If Apple moves into the TV business, then this is happening sooner as all if Apples money will be iTunes, iPhone, TVA, apps, 35% os marketshare plus almost tripple hardware sales but 1/3 lower priced. So a mbp sells for $1200 but 3 x more. This is a great business model where Apple could really dominate, especially getting into and controlling the cloud and app store markets, only now, the apps store includes 1000's if new programs while still giving the user an experince. Plus all the millions in licensing fees they would receive from Dell, HP, the stock would reach $500 in a few years. The premium experience would still exist, just at a lower price point. This really should be a no brained plus real mac enthusiasts, still win with more affordable devices. The only thing lost us the snobbery which is sort of to e now anyway as the creatives, audio, video, arestill there, but not catered to nearly as much as the barking dog, louis vatton iLife "how to I do an email attachment" one to one crowd. LOL.
post #60 of 331
Quote:
Originally Posted by wizard69 View Post

Frankly Apples behaviour here is enough to make me go back to Linux machines. If they can't win on the weight of the evdence they need to pack up and go home. An appology to the user community would be nice too. Unfortunately I think Apples goal here is to make Pystar go away anyway they can and avoid determination of their legal behaviour.


Dave

Apple's "legal behaviour" has been under scrutiny in one form or another since the advent of the iPod + iTunes. Judge Alsup has already participated in the case some months ago and has come out heavily in favour of Apple regarding several aspects of the case, particularly in terms of anti-trust.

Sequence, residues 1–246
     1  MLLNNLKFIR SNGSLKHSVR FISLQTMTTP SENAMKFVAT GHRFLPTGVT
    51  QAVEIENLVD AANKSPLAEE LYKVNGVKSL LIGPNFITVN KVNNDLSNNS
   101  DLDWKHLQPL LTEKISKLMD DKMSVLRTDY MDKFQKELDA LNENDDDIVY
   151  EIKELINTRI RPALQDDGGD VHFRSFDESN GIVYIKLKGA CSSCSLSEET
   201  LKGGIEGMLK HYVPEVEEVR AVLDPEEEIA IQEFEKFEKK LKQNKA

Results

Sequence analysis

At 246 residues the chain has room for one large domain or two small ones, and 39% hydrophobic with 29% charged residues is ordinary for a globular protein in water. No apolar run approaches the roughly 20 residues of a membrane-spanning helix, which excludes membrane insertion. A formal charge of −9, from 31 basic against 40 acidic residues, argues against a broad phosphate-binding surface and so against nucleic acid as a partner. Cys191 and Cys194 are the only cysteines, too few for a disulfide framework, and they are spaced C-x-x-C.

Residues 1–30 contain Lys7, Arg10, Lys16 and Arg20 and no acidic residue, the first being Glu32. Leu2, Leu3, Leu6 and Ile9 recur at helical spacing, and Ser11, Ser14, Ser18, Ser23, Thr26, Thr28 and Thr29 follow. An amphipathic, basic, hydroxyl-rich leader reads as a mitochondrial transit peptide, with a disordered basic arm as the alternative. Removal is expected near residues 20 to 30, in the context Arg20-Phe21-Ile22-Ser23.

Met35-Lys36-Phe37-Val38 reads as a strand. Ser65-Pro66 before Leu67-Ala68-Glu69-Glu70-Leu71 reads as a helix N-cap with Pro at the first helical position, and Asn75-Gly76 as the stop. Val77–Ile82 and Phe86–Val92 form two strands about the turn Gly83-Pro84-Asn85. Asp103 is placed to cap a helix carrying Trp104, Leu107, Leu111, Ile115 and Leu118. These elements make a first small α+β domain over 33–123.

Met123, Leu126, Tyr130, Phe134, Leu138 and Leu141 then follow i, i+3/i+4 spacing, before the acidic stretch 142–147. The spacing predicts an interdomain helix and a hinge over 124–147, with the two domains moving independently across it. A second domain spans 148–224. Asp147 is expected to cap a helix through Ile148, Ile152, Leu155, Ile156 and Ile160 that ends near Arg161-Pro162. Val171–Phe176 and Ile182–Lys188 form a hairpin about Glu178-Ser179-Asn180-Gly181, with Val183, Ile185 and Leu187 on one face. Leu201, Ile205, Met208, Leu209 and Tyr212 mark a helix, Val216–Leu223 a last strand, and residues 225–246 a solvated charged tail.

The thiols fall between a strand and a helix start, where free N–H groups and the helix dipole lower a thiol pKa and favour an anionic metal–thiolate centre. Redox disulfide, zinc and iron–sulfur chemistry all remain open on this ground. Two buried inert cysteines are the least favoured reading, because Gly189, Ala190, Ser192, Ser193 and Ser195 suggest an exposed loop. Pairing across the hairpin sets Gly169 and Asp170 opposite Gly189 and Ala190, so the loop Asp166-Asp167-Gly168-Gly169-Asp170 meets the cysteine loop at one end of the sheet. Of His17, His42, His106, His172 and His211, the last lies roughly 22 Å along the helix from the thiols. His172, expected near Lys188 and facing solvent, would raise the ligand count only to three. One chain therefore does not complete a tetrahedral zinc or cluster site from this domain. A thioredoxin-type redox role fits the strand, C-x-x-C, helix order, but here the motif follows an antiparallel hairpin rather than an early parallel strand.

Apple's goal here is indeed to make Psystar go away, and as Apple users who are interested in a healthy Apple that faces healthy and legitimate competition (as opposed to thieves who violate their IP rights), that should be our goal as well.

With resepct to winning "on the weight of the evidence" . . . we're talking about civil litigation here, esepcially as it plays out in the United States. At least in Canada, as part of the work I do, I've seen seemingly clear-cut civil suits drag on for several years, one in particular that spanned over the course of eight years. That's just one of the reasons the US and Canada have different forms of ADR now (since about the early 90's), that is, Alternative Dispute Resolution, like mediation and arbitration. There is (or at least was) a lot or Private Judging in the US, especially in California, to help provide an alternative means of adjudication. ADR, however, has met with varying degrees of success, and has in no way supplanted the standard civil adjudication process. It was simply meant to ease the pressure on the court docket. There are plenty of cases that go nowhere during mediation, for example, and are simply referred back to the courts.